The Dirt on Coming Clean: Perverse Effects of Disclosing Conflicts of Interest
Conflicts of interest can lead experts to give biased and corrupt advice. Although disclosure is often proposed as a potential solution to these problems, we show that it can have perverse effects. First, people generally do not discount advice from biased advisors as much as they should, even when advisorsâ€™ conflicts of interest are disclosed. Second, disclosure can increase the bias in advice because it leads advisors to feel morally licensed and strategically encouraged to exaggerate their advice even further. As a result, disclosure may fail to solve the problems created by conflicts of interest and may sometimes even make matters worse.
Please report citation or reference errors to , or , if you are the registered author of the cited work, log in to your RePEc Author Service profile, click on "citations" and make appropriate adjustments.:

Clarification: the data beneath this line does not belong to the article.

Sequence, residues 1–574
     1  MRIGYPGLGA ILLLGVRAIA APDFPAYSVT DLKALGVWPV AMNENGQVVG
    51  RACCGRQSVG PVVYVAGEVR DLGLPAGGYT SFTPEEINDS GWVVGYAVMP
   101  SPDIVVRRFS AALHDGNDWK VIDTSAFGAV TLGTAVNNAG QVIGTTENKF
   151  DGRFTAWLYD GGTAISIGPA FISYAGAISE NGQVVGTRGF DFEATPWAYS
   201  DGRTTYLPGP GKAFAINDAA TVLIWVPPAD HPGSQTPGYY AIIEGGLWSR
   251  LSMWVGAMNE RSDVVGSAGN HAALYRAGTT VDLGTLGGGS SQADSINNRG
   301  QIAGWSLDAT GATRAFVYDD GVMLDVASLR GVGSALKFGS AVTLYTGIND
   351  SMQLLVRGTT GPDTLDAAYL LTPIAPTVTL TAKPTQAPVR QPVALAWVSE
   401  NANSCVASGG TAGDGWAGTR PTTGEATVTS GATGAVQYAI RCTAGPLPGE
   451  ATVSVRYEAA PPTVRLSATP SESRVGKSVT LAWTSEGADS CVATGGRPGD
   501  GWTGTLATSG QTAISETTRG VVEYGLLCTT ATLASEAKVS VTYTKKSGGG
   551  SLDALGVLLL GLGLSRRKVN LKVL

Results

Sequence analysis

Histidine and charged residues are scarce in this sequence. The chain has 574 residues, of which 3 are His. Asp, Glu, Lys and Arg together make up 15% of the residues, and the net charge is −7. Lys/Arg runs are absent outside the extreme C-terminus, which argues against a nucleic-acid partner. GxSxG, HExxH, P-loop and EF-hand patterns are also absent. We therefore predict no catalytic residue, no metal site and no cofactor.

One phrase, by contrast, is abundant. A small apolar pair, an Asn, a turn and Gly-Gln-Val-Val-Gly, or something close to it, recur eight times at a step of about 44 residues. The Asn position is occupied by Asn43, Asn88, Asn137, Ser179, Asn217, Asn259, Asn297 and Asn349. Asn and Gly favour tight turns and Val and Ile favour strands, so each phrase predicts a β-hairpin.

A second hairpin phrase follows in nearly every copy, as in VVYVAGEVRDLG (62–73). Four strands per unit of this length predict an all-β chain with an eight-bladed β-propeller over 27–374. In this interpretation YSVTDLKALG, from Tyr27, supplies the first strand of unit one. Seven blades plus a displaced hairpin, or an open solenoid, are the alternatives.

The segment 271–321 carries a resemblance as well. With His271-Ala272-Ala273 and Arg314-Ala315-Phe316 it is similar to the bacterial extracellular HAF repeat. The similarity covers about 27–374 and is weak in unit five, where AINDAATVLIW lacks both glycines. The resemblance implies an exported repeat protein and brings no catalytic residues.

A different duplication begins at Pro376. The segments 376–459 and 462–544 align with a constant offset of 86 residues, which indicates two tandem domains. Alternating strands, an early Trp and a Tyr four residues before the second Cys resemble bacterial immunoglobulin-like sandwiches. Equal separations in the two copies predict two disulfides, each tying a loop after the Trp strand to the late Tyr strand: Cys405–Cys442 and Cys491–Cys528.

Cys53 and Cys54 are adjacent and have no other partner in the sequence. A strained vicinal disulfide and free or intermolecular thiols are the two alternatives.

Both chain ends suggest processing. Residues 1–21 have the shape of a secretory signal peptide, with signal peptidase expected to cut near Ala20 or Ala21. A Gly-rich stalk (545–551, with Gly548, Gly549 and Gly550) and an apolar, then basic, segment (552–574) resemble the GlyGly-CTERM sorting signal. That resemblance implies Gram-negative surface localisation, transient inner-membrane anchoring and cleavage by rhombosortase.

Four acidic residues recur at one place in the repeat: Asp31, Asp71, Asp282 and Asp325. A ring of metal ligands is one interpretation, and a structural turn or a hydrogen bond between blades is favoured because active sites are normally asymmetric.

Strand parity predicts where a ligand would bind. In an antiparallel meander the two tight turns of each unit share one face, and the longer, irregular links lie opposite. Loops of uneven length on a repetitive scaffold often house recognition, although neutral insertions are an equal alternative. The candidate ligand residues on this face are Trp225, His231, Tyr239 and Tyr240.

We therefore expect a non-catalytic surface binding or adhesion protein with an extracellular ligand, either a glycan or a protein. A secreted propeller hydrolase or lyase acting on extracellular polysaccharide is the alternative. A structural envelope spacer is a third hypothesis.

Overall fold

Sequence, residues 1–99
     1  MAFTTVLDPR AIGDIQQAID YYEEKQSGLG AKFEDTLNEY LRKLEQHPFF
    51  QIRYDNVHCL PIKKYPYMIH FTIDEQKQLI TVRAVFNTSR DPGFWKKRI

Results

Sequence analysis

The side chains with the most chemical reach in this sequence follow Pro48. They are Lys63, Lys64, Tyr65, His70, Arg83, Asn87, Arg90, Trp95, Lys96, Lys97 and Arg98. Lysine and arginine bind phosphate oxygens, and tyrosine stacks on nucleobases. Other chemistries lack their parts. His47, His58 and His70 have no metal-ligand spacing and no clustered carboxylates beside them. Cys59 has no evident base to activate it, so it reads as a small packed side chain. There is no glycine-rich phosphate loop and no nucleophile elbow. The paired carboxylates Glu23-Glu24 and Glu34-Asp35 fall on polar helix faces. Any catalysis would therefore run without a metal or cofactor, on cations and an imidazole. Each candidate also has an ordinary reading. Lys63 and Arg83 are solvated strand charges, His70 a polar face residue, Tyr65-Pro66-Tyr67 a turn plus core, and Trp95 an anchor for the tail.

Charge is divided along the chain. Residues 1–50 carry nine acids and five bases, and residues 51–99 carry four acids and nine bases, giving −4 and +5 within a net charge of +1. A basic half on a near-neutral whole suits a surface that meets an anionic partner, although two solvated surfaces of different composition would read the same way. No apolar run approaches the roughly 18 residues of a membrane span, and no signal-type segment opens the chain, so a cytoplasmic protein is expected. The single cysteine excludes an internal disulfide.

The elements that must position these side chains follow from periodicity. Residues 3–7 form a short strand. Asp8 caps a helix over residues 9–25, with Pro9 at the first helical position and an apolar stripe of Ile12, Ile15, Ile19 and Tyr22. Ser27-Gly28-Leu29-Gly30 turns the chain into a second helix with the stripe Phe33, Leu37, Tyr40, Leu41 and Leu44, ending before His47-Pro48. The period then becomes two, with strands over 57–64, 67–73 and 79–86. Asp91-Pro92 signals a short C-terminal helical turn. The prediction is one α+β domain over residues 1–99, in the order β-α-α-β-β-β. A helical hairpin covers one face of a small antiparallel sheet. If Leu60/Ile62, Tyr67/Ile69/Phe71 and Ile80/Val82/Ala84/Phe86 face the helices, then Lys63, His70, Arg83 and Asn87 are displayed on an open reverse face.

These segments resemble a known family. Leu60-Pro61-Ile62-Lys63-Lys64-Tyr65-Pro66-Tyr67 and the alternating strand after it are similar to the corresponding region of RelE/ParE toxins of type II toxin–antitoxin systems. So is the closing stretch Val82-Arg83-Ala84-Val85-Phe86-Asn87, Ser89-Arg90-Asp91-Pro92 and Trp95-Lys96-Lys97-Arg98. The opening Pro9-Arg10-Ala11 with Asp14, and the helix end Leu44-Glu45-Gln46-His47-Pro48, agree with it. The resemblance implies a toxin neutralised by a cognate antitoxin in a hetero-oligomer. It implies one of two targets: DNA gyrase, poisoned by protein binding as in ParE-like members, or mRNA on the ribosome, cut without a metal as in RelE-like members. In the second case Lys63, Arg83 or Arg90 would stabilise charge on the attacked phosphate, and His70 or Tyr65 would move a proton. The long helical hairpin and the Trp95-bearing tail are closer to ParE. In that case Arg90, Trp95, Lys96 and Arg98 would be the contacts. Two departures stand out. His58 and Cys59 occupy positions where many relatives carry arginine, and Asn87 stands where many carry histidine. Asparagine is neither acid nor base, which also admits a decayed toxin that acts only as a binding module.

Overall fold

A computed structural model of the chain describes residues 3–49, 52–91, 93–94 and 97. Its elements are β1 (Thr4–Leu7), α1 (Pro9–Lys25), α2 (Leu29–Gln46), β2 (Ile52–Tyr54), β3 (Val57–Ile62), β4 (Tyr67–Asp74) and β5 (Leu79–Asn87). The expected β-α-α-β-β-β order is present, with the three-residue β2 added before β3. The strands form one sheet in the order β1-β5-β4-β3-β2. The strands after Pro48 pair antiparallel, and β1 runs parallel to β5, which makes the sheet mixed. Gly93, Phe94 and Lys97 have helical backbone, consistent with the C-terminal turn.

- Camerer, Colin F & Hogarth, Robin M, 1999.
"The Effects of Financial Incentives in Experiments: A Review and Capital-Labor-Production Framework,"
Journal of Risk and Uncertainty,
Springer, vol. 19(1-3), pages 7-42, December.
- Camerer, Colin F. & Hogarth, Robin M., 1999. "The Effects of Financial Incentives in Experiments: A Review and Capital-Labor-Production Framework," Working Papers 1059, California Institute of Technology, Division of the Humanities and Social Sciences.
- Verrecchia, Robert E., 2001. "Essays on disclosure," Journal of Accounting and Economics, Elsevier, vol. 32(1-3), pages 97-180, December.
- Dye, Ronald A., 2001. "An evaluation of "essays on disclosure" and the disclosure literature in accounting," Journal of Accounting and Economics, Elsevier, vol. 32(1-3), pages 181-235, December.
- Crawford, Vincent P & Sobel, Joel, 1982. "Strategic Information Transmission," Econometrica, Econometric Society, vol. 50(6), pages 1431-1451, November.
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